immobilise

Definitions

  • WordNet 3.6
    • v immobilise cause to be unable to move "The sudden storm immobilized the traffic"
    • v immobilise prohibit the conversion or use of (assets) "Blocked funds","Freeze the assets of this hostile government"
    • v immobilise convert (assets) into fixed capital
    • v immobilise make defenseless
    • v immobilise to hold fast or prevent from moving "The child was pinned under the fallen tree"
    • v immobilise hold as reserve or withdraw from circulation; of capital
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Usage

In literature:

The line of cars lay immobilised and inert under the night.
"The Octopus" by Frank Norris
Above and below, the throng was packed dense and immobilised.
"The Pit" by Frank Norris
No magician's wand can immobilise him under my eyes.
"Lord Jim" by Joseph Conrad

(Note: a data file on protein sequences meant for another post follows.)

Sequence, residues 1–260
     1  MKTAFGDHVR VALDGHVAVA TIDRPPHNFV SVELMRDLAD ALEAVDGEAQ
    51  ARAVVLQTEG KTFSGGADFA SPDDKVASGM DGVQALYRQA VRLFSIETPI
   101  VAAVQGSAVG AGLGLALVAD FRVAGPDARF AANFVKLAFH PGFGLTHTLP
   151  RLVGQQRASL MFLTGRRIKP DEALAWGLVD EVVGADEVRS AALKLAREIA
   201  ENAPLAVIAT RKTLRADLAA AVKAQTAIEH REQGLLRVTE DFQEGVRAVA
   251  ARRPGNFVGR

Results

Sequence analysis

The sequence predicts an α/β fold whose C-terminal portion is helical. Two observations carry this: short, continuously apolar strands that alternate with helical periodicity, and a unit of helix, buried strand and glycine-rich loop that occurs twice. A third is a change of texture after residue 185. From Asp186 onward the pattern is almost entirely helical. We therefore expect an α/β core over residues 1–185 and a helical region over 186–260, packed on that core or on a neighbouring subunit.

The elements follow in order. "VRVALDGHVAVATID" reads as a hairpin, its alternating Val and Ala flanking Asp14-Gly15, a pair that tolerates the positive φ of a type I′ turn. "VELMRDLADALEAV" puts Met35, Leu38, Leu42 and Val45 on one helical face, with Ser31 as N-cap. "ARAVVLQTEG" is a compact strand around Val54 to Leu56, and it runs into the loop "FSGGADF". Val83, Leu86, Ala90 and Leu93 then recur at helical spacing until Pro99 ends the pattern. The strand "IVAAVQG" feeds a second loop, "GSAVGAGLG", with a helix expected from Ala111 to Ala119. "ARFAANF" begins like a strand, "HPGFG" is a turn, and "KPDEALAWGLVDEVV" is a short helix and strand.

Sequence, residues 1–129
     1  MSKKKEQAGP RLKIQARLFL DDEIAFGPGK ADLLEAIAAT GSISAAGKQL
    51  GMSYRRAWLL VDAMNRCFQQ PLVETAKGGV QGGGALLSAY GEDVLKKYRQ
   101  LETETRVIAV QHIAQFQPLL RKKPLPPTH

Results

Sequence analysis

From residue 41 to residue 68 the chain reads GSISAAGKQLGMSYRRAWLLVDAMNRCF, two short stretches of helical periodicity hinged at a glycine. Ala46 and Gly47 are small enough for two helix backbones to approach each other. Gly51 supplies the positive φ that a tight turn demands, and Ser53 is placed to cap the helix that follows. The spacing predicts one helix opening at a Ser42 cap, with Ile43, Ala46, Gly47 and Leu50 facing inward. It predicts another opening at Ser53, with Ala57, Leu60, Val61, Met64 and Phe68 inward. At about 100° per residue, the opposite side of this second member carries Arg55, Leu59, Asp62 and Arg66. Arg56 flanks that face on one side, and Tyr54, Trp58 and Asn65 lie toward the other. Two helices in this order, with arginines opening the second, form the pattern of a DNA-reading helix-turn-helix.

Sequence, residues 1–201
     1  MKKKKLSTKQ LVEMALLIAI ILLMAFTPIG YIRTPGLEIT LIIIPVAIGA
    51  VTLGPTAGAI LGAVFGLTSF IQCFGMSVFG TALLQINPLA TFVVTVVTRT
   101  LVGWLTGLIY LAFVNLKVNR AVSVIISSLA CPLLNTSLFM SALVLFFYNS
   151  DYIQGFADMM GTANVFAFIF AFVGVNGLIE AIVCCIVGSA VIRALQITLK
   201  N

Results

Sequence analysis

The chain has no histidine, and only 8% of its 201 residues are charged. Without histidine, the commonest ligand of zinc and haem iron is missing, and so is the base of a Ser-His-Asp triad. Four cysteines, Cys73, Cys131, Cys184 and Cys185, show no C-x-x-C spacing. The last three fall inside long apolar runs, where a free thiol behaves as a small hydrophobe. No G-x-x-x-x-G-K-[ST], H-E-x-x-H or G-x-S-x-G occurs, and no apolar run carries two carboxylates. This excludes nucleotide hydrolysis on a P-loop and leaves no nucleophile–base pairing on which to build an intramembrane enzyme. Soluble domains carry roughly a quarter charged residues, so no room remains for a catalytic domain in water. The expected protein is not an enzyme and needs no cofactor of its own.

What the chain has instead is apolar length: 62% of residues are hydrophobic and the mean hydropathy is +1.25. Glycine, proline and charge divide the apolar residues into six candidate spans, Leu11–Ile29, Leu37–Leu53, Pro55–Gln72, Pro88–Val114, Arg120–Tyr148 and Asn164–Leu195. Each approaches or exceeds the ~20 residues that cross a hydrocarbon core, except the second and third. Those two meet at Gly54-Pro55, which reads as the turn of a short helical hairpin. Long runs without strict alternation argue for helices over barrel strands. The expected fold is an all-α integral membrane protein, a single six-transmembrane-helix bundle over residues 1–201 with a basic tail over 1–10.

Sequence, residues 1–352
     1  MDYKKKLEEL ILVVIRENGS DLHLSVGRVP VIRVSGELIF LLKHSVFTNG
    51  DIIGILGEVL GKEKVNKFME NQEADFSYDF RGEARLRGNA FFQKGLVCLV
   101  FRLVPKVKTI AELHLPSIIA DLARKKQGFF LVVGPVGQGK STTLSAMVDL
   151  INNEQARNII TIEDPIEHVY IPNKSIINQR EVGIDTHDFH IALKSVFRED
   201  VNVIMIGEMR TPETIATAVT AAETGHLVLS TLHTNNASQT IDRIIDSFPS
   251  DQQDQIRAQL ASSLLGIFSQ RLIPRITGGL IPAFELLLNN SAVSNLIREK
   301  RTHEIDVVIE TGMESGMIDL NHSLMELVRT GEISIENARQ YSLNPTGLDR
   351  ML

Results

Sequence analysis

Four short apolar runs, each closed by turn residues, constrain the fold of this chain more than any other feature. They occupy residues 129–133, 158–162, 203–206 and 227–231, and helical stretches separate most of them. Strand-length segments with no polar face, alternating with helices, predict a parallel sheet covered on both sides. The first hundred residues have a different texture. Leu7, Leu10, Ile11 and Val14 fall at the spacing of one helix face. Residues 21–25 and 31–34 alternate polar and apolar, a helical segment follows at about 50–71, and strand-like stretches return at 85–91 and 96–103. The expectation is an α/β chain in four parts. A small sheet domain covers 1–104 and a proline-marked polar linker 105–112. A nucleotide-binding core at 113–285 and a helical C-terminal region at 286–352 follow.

It was all Catholicism which was thus imprisoned, whose dogmas and sacerdotal organisation were obstinately immobilised.
"Rome From the "Three Cities"" by Emile Zola
It was all Catholicism which was thus imprisoned, whose dogmas and sacerdotal organisation were obstinately immobilised.
"The Three Cities Trilogy, Complete Lourdes, Rome and Paris" by Emile Zola
Recovery takes place under anti-syphilitic treatment and immobilisation of the limb.
"Manual of Surgery" by Alexis Thomson and Alexander Miles
They are immobilised by the dead weight of Biblical literalism.
"Thoughts on religion at the front" by Neville Stuart Talbot
Immobilisation is a more difficult problem.
"Surgical Experiences in South Africa, 1899-1900" by George Henry Makins
Complete rest and prolonged immobilisation are to be condemned.
"Manual of Surgery Volume Second: Extremities--Head--Neck. Sixth Edition." by Alexander Miles
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In news:

He had acute immobilising back pain, raised body temperature, and high C-reactive protein (CRP) concentration.
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